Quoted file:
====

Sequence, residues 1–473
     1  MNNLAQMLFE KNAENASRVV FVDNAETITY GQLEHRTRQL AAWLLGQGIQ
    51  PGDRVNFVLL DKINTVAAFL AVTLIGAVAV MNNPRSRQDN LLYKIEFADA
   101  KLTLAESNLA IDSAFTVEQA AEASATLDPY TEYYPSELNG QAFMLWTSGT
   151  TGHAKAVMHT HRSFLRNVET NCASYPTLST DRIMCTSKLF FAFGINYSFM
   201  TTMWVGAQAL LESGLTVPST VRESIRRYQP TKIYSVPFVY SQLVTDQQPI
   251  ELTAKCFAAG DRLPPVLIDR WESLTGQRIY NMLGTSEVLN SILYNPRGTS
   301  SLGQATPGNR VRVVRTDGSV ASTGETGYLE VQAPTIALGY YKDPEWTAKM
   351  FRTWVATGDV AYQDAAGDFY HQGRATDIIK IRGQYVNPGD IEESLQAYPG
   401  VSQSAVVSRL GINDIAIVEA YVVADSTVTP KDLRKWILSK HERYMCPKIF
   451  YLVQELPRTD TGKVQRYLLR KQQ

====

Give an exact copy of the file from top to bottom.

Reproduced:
Sequence, residues 1–473
     1  MNNLAQMLFE KNAENASRVV FVDNAETITY GQLEHRTRQL AAWLLGQGIQ
    51  PGDRVNFVLL DKINTVAAFL AVTLIGAVAV MNNPRSRQDN LLYKIEFADA
   101  KLTLAESNLA IDSAFTVEQA AEASATLDPY TEYYPSELNG QAFMLWTSGT
   151  TGHAKAVMHT HRSFLRNVET NCASYPTLST DRIMCTSKLF FAFGINYSFM
   201  TTMWVGAQAL LESGLTVPST VRESIRRYQP TKIYSVPFVY SQLVTDQQPI
   251  ELTAKCFAAG DRLPPVLIDR WESLTGQRIY NMLGTSEVLN SILYNPRGTS
   301  SLGQATPGNR VRVVRTDGSV ASTGETGYLE VQAPTIALGY YKDPEWTAKM
   351  FRTWVATGDV AYQDAAGDFY HQGRATDIIK IRGQYVNPGD IEESLQAYPG
   401  VSQSAVVSRL GINDIAIVEA YVVADSTVTP KDLRKWILSK HERYMCPKIF
   451  YLVQELPRTD TGKVQRYLLR KQQ